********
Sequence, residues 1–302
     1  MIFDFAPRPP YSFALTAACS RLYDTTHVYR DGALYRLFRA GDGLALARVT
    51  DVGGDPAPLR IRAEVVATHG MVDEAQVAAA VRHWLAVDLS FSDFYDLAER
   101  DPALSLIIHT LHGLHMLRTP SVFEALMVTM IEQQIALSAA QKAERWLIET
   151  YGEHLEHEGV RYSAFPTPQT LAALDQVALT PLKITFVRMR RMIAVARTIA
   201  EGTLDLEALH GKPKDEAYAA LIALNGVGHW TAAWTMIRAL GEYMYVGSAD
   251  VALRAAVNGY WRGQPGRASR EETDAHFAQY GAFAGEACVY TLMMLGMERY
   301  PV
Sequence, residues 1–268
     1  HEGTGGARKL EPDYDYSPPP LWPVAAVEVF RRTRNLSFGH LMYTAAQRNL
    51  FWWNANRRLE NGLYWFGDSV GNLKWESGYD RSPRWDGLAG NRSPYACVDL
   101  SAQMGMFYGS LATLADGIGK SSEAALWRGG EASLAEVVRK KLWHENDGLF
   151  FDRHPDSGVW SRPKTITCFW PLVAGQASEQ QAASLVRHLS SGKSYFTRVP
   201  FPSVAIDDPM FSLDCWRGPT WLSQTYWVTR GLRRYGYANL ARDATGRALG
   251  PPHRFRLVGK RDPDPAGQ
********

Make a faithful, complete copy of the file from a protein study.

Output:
Sequence, residues 1–302
     1  MIFDFAPRPP YSFALTAACS RLYDTTHVYR DGALYRLFRA GDGLALARVT
    51  DVGGDPAPLR IRAEVVATHG MVDEAQVAAA VRHWLAVDLS FSDFYDLAER
   101  DPALSLIIHT LHGLHMLRTP SVFEALMVTM IEQQIALSAA QKAERWLIET
   151  YGEHLEHEGV RYSAFPTPQT LAALDQVALT PLKITFVRMR RMIAVARTIA
   201  EGTLDLEALH GKPKDEAYAA LIALNGVGHW TAAWTMIRAL GEYMYVGSAD
   251  VALRAAVNGY WRGQPGRASR EETDAHFAQY GAFAGEACVY TLMMLGMERY
   301  PV
Sequence, residues 1–268
     1  HEGTGGARKL EPDYDYSPPP LWPVAAVEVF RRTRNLSFGH LMYTAAQRNL
    51  FWWNANRRLE NGLYWFGDSV GNLKWESGYD RSPRWDGLAG NRSPYACVDL
   101  SAQMGMFYGS LATLADGIGK SSEAALWRGG EASLAEVVRK KLWHENDGLF
   151  FDRHPDSGVW SRPKTITCFW PLVAGQASEQ QAASLVRHLS SGKSYFTRVP
   201  FPSVAIDDPM FSLDCWRGPT WLSQTYWVTR GLRRYGYANL ARDATGRALG
   251  PPHRFRLVGK RDPDPAGQ